KANSAS CITY, Mo. — When coach Jack Del Rio arrived in Oakland in January 2015, the Raiders held the fourth overall pick in the NFL draft coming off a 3-13 record and having burned through eight coaches in 12 seasons without posting a winning record.
Just 19 months later, the Raiders bring a 4-1 record into Sunday’s matchup against the Chiefs, 2-2, fueled by a high-powered offense, led by quarterback Derek Carr, capable of scoring from anywhere on the field at anytime in the game.
Chiefs linebacker Derrick Johnson said the Raiders offense has developed consistency it lacked in the past.
“They’ve been spotty at times, but this year they’re playing more consistent,” Johnson said. “This is a team that is playing with a lot of confidence, they’re coming off a big win, they’ve been down in all the games they have won.”
The Raiders offensive prowess starts with Carr. The 25-year-old quarterback sports a career-best 276.6 yards passing per game with 11 touchdowns and just two interceptions through five games. Carr’s growing experience with the team’s offensive scheme and chemistry with a talented group of skill players put the Raiders among the top offenses in the league.
Chiefs defensive coordinator Bob Sutton praised Carr’s athleticism, quick release and ability to spread the ball around the field.
“He’s a big challenge because you can try to pressure him,” Sutton said, “but he gets rid of the ball and it’s hard for anybody to get to him.”
Del Rio believes it’s a combination of factors that helped the third-year quarterback emerge as a star in the making.
“I feel like he’s shown steady progress in all of the different areas that you want to work a young quarterback in,” Del Rio said. “His footwork, the base that he throws from, the decision making, the understanding of what the issues are, where the answers are, the timing with the receivers and all those things, they are all a part of playing good quarterback.”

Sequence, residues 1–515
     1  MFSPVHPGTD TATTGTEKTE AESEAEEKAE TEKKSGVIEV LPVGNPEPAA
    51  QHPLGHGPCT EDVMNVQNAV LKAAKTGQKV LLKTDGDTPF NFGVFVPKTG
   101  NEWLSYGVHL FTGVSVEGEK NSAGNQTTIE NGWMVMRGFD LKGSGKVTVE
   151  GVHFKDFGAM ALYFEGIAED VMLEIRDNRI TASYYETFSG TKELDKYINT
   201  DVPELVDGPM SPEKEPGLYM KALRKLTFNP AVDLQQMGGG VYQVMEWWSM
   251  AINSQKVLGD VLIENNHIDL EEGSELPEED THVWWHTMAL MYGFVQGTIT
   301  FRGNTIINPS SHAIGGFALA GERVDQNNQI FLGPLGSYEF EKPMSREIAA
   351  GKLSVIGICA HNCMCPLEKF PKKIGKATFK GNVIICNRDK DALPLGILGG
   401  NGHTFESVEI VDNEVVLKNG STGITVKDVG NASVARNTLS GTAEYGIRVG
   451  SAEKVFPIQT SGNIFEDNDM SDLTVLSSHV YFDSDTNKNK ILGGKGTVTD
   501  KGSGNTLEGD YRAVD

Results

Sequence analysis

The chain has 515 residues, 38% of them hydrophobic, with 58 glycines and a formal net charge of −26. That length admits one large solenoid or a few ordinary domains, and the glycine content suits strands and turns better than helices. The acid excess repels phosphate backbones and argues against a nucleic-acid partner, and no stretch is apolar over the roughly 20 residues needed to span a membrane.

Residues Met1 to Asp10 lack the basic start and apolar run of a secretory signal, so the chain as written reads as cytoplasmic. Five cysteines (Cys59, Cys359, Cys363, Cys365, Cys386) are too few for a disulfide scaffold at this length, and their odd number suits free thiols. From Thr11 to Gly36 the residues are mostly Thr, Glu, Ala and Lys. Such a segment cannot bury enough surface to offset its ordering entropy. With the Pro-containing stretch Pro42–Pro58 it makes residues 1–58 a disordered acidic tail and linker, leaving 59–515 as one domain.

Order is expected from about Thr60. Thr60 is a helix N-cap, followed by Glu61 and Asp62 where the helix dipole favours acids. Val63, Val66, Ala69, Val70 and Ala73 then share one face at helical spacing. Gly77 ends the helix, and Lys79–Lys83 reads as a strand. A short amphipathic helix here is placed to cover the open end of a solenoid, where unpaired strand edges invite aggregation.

Carr also possesses a strong supporting cast with dynamic 22-year-old wide receiver Amari Cooper, veteran pass catcher Michael Crabtree and a versatile backfield led by Latavius Murray.
Del Rio believes his group of skill players continues to develop as they play together.
“I think the time they’ve spent growing in the system and growing with Derek and understanding how to be friendly for the quarterback, all those things are paying dividends for us,” Del Rio said.
Sutton said statistics and scouting reveal the Raiders as a very balanced offense with plenty of weapons at their disposal.
“You got to go in and dig and claw and fight, and find a way to affect the quarterback,” Sutton said. “You got to slow the run down, because they’ll run it and keep running if you don’t.”
A critical element of Oakland’s early-season success rests with the team’s ability to thrive under pressure. The Raiders trailed in the second half of three of their four wins, winning those three games by a combined five points.
Carr plays his best football late in the game with his team behind. Carr carries a 133.1 quarterback rating with his team trailing and less than four minutes to play, completing 10 of 15 passes for 129 yards and two touchdowns.
Del Rio said his resilient team works hard to overcome adversity.
“For the most part you come down to one score games and the teams that are able to flourish in those situations are the teams that are going to go home happy,” Del Rio said.
Johnson said the Chiefs respect what the Raiders have accomplished in a short time under Del Rio, but believes his defense can slow them down.
“My hat’s off to what they’re doing,” Johnson said. “Hopefully they won’t have that good of a day on Sunday.”